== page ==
Every six months or so, Codito/Sage Board Games releases another excellent Euro-style board game for iOS. The first example was the excellent Medici, which was followed by Ra. Coming up next is Puerto Rico. Last week they brought us Tikal, a truly wonderful game that won the 1999 Spiel des Jahres award and still stands up to any of the releases coming out today (last year, it even got a sequel, which is just fascinating). While the game is amazing, the Tikal app feels like a 0.9 version, but the crashes and quirks should be worked out quickly if Sage's history tells us anything.
Tikal the board game is about exploring the jungle around Tikal, the archaeological site, for ancient Mayan temples and treasures. It may be troubling if you think about it in terms of colonizer and indigenous peoples, but sometimes you need to just enjoy brilliant gameplay when you find it. Read on to see how it all works.
The heart of Tikal is the Action Point (AP) system. Each turn, after you place the required hex to expand the game, each player has 10 APs to use as he pleases, and different actions cost different amounts of points. Moving costs one point per stone you want to cross, uncovering a level of a temple or a treasure costs 2 APs, setting up a new camp costs 5 APs, and so on. Everyone starts the game at the same small base on one corner of the map. Your first few moves will most likely be to add workers (you're limited to 18 workers and one leader through the whole game) and move them to the surrounding hexes. Pretty soon you need to make some difficult decisions: go after treasure, expand your reach into the jungle or try to take control of high-value temples.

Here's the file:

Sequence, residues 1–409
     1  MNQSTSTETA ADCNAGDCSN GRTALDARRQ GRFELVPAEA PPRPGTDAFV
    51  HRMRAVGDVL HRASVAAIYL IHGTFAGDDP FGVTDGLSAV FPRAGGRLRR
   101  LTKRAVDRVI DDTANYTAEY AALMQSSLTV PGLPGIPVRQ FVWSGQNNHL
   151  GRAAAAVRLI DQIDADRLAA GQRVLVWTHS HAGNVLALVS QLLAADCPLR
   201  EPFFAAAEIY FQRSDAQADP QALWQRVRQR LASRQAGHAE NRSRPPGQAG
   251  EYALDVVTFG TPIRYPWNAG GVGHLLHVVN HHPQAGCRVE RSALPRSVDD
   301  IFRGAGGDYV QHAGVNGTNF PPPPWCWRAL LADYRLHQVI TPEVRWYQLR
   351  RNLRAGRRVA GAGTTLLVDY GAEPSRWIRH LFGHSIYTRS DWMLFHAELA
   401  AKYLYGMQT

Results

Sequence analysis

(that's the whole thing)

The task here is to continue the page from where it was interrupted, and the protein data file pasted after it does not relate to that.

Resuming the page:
At four points during the game (three of them random, when a volcano hex is drawn, and again at the end of the game), there is a scoring round. This means each player gets 10 more APs to set themselves up for the best possible score. Each player scores on his or her own turn, so you can guarantee your own points, all while trying to keep your opponents from scoring a lot. For the complete rules, you can click through our gallery starting here.
There is so much that works in Tikal. After a few turns, you mostly know where to tap to make things happen, and you can focus on the challenging gameplay. The player information windows are also easy to understand once you've figured out the iconography (hint: the location of the numbers in the brown box shows you how many of which treasures a player has collected). Still, if you're not already a fan of the game or the Euro game genre, you might want to wait until the first update to buy so that you won't get frustrated.